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The Combine Workout

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For more than a decade, EXOS has trained top NFL hopefuls prior to the scouting Combine in February. Hundreds of players have improved their speed, power, and strength to excel at the Combine and boost their draft stock, landing in the top three rounds of the NFL Draft in April.

Chances are, you’ll never be tested on how many times you can bench press 225 pounds or how fast you can run 40 yards or complete a shuttle run. But you can employ the same techniques NFL prospects learn at EXOS to improve your strength, power, and speed, which will help in any endeavor. Here’s how.

Improve Your Bench

Benching 225 pounds might not seem as accurate a barometer of strength as, say, benching your weight or finding your one-rep max. Unlike most NFL players, most people weigh much less than 225 pounds. That’s why EXOS founder Mark Verstegen recommends taking the same six-week Combine timeframe for improving the number of times you can bench press your body weight. If your body weight and bench press goal is 185 pounds, it’s not going to do much good to work exclusively at 135 pounds, even if your reps are going up.

“If you’re doing a lot of 135, but you can still only do 185 once, you’ve created endurance but haven’t become stronger,” Verstegen says. The key, Verstegen says, is “you have to increase the ceiling—your maximal strength, so that 185 feels lighter.”

If you’re doing a circuit that includes two sets of bench presses, make it a point to have weight that challenges you for eight repetitions. If you’re doing three sets consecutively, superset them with a lower-body exercise and go for 10 reps in the first set, eight in the second, and six in the third, adjusting the weight so it challenges your muscles but still allows you to complete your sets with solid technique.


Some of the fastest men in college football often are surprised to discover at EXOS that they’ve been running inefficiently. So they learn the importance of linear movement, the ability to transfer force at a high rate of speed. It's broken into four components: the start, acceleration, the transition, and absolute speed. Though this is designed in pre-Combine training for the 40-yard dash, it really applies to all sports. At the start, establish a balanced position where your center of gravity is as high as possible and in front of the base of support.

“Picture top sprinters,” Verstegen writes in his new book Every Day Is Game Day: The Proven System of Elite Performance to Win All Day, Every Day. “They’re not hunched over; they’re standing tall, but leaning slightly forward. This enables them to maximize force into the ground from head to heel in a controlled manner with the greatest possible velocity.”

The lower body should be in a triple flexed position. The feet are hip-width apart in a staggered position. The ankle should be dorsiflexed (toes up) as much as possible, producing an angle of about 45 degrees to the shin. You should be looking 10 yards ahead. The elbows should be flexed at 90 degrees, working in a motion from hand to hip, and from hand to head. Acceleration has to do with your start, whether it’s a fixed-position track start, a two-point stance, or accelerating from a position common to your sport. Acceleration lasts from zero to 15 yards. After that, we transition into absolute speed, which is where your body is much more upright and your leg action is more cyclical.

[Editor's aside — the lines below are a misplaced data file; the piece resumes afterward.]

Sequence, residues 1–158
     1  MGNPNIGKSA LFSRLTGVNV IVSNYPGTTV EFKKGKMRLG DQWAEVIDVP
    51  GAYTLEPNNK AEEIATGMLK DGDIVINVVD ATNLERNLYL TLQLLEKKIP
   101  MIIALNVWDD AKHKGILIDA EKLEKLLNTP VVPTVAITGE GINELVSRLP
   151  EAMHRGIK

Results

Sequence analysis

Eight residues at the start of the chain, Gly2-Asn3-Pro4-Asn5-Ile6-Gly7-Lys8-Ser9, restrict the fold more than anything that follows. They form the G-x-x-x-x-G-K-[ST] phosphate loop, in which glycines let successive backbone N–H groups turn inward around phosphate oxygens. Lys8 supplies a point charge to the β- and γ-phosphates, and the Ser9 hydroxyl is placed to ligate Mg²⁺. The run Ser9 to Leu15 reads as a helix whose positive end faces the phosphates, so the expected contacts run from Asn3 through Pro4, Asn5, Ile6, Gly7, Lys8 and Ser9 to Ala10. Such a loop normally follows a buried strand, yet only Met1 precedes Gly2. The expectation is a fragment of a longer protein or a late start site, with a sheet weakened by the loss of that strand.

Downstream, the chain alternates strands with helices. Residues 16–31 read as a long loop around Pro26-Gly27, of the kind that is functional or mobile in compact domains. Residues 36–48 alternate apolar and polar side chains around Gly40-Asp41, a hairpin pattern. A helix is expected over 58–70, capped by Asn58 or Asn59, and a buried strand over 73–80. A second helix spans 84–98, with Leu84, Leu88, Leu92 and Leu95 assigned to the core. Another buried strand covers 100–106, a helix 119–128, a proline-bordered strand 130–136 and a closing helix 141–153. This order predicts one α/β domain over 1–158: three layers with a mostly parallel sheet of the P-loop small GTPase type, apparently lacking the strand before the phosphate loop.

“Between your arm and leg action, you’re feeling like you’re running from the center of your body in a fluid motion,” Verstegen writes. “This allows you to hit your peak or top-end speed and sustain this rate. This can last from yard 15 to 20 through the rest of your race, whether that’s a 50-yard sprint or hundreds of yards.”

"The benefit of acceleration is that as you’re forced into longer distances, the same mechanics make your running more efficient, boosting speed while decreasing the effort needed.”

Recover and Fuel

NFL Draft hopefuls, just out of college, tend to eat like college kids. So do many adults. A six-week Combine training program is a perfect time to fine-tune your nutrition, says Bob Calvin, a performance nutritionist at EXOS.

“The key, as always, is to relate food to performance,” Calvin says. “Think in terms of how food impacts our bodies by referring to proteins as building blocks, carbohydrates as fuel, and colorful vegetables as preventative foods.”

During your own six-week Combine program, it’s important to follow proper fueling strategies. But they need not be any stricter than usual—assuming you have a strong program in place normally. Calvin urges athletes to follow the familiar 80/20 rule, eating clean 80 percent of the time and using downtimes in the training schedule to enjoy favorite foods that might not be the healthiest.

“You can eat foods as a reward,” Calvin says. “Just try and match it up to off days and make sure that it’s only 20 percent of the time.”

About The Author

Pete Williams – Pete Williams is a contributing writer for CorePerformance.com and the co-author of the Core Performance book series.

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Tags: Football